Posted on : 23-06-2011 | By : dan | In : Edtech, mobile, twitter
I’m really excited to be working with the folks at NEA SEE once again. I’ll be heading to the Windy City this weekend and providing them some ideas for iPad use in professional communication as well as some updates from Twitter’s latest changes. Stay tuned for an update including my presentations and any relevant links.
Twitter Updates 2011: Learn what’s new in Twitter and available applications.Discuss how short–form communication is being used to create long–form communications. Examine best practices of NEA affiliates and other online strategists. Refresh yourself on the do’s and don’ts of Twitter, and how to get the most out of Twitter as a power user by creating feeds for varied content. Download presentation here.
iPad UnConference: Whether you’re an iPad user or not, this session will be a general hands on and open use cases for iPad in communication. Bring your iPad and share your favorite apps with the group and learn more about note taking, event organzing and more apps you just can’t live without. You’re sure to leave this session installing the latest and greatest applications. Download presentation here.
About NEA SEE
The State Education Editors (SEE) group is comprised of communications professionals who work in the state affiliates of the National Education Association and at the NEA. There are more than 135 members nationwide, and they work as editors, graphic designers, Webmasters, writers and public relations professionals. Through printed and electronic media, SEE members communicate the importance of quality public education and association membership to teachers, education support professionals, parents, politicians and community members. SEE is governed by a four-member executive committee, which is elected by the membership during an annual business meeting.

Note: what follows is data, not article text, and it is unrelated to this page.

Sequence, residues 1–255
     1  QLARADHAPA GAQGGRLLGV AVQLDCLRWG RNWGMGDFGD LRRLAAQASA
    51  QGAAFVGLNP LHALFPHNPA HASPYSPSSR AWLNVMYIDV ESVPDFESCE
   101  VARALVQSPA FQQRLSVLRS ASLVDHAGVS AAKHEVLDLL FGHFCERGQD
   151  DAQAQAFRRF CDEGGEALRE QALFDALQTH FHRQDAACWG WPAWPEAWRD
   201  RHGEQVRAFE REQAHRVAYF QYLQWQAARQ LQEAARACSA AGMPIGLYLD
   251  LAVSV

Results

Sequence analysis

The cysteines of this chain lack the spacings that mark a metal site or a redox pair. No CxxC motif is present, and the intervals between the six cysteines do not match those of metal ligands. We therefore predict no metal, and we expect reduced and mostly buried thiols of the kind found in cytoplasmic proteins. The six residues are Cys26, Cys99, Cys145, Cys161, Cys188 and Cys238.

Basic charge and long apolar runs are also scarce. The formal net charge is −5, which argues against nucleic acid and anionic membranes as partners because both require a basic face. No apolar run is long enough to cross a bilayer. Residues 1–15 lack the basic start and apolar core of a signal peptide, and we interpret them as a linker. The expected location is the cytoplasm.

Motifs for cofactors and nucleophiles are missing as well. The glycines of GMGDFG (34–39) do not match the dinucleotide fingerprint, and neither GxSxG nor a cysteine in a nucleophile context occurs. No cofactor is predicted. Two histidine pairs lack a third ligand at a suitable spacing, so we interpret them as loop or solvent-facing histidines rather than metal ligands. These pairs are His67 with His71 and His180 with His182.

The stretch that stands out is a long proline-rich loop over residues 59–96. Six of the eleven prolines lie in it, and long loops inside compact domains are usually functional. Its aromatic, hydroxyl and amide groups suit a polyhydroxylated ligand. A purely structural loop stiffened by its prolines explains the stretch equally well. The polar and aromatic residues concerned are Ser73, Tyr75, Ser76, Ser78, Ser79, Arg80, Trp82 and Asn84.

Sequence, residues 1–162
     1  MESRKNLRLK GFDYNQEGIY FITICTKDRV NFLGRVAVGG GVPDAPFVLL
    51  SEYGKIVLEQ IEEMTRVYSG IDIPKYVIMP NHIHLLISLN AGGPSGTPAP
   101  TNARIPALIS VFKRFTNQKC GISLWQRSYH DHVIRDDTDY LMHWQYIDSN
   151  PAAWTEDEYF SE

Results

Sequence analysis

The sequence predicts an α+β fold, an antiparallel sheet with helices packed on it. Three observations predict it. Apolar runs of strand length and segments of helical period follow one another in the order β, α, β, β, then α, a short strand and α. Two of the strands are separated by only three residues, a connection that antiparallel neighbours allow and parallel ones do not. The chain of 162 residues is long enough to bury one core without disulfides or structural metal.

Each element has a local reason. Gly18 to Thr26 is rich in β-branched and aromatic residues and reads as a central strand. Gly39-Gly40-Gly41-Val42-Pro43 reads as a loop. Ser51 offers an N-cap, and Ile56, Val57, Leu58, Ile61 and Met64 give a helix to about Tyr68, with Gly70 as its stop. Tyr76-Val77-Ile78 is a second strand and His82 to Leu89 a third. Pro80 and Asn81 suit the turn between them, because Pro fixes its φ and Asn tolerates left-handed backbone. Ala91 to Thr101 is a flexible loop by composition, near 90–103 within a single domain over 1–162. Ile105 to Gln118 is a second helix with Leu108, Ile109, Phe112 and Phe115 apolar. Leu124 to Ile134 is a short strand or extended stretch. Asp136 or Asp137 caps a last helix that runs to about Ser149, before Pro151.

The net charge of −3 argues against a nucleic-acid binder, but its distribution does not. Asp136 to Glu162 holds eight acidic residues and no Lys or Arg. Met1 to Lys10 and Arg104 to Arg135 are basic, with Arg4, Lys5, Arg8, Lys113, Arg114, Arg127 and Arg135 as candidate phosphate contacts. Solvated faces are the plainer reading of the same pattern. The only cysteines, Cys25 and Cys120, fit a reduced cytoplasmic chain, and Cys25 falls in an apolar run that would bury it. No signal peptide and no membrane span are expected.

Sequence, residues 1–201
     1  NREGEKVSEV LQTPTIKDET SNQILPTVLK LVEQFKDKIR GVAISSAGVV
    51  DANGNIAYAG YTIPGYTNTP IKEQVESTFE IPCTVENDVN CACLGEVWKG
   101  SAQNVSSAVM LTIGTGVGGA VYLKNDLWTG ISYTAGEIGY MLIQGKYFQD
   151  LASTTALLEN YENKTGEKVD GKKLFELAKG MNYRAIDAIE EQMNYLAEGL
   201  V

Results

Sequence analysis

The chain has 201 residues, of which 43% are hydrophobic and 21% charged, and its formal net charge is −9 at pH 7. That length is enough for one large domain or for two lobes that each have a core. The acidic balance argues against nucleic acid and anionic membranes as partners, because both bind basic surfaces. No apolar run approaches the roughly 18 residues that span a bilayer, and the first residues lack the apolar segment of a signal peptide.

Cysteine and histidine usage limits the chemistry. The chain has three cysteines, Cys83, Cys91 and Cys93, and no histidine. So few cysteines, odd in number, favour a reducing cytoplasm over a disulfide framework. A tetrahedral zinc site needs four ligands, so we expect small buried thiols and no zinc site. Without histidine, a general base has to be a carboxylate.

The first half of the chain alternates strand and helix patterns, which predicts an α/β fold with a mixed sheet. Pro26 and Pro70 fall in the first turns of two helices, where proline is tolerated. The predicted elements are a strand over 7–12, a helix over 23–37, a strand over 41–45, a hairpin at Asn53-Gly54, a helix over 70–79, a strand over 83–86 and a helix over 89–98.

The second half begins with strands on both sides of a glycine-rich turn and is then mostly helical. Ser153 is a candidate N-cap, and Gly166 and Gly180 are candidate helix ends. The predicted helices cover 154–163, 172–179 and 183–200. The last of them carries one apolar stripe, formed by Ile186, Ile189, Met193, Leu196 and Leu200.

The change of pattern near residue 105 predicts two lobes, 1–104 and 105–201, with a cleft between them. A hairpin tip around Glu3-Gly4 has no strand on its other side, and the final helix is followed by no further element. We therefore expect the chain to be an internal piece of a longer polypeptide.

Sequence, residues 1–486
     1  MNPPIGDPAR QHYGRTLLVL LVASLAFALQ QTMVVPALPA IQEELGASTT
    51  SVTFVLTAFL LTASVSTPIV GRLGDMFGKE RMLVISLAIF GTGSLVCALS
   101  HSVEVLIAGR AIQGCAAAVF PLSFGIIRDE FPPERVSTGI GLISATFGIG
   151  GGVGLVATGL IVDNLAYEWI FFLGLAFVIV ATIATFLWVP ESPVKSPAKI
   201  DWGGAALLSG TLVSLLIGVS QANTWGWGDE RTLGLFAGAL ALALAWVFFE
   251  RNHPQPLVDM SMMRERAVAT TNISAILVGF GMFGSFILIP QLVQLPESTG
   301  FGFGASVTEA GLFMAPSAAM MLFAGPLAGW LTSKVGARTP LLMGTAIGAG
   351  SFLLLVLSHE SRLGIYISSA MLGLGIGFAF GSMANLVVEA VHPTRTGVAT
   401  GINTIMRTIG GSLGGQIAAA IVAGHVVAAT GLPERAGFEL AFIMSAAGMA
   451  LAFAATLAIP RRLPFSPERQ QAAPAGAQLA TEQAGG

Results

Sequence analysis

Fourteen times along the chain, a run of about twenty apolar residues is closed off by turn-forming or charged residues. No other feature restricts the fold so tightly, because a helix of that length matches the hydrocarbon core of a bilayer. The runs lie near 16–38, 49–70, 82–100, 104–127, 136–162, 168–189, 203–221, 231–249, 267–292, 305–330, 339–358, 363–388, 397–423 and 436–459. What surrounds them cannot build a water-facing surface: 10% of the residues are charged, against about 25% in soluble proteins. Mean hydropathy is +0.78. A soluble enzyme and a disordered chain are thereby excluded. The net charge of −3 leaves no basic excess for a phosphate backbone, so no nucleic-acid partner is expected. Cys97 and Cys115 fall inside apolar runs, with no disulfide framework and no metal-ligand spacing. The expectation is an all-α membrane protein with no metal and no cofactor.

Posted on : 28-02-2011 | By : dan | In : Edtech, google
Most educators know that March 2 is Read Across America day, a day that is also Dr. Seuss’ birthday. While it isn’t typically thought of as a day filled with technology enriched activities, it has become so thanks to the availability of web conferencing, social media, and even blogs.
www.readacrossamerica.org is the central location for all events and activities related to this one day. Those of you willing to make a pledge to read with your students can do so online using this year’s pledge form. Using a Google Maps interface, users can see how many pledges have been made in each state across the nation.
Schools fortunate enough to embrace social media can “Like’ Read Across America on their Facebook page. There’s a Twitter conversation already in the works, a Flickr stream ready to accept photos, and a SchoolTube channelchock full of videos. It’s exciting to see an event like this organized reading day evolve into so many interesting projects.
In the last couple of years, schools have even taken to Skype calls to have authors call in to a class and read to students. This is something that only a few fortunate schools in the country could afford to do in a traditional face to face scenario. Teachers have even buddied up with other classes to read to each other from around the country and across the globe. The Skype In Schools community recently decided to post a RAA page. This was something decided upon by the members of the group, and not a direction taken by the administrators of the site.
Random House has created an online gallery of resources to help direct ideas for Read Across America with the support of the National Education Association.
So what are you doing this year? Do your plans include a more technology enriched collaborative effort? If so, please share your ideas in the comments below. Happy Reading!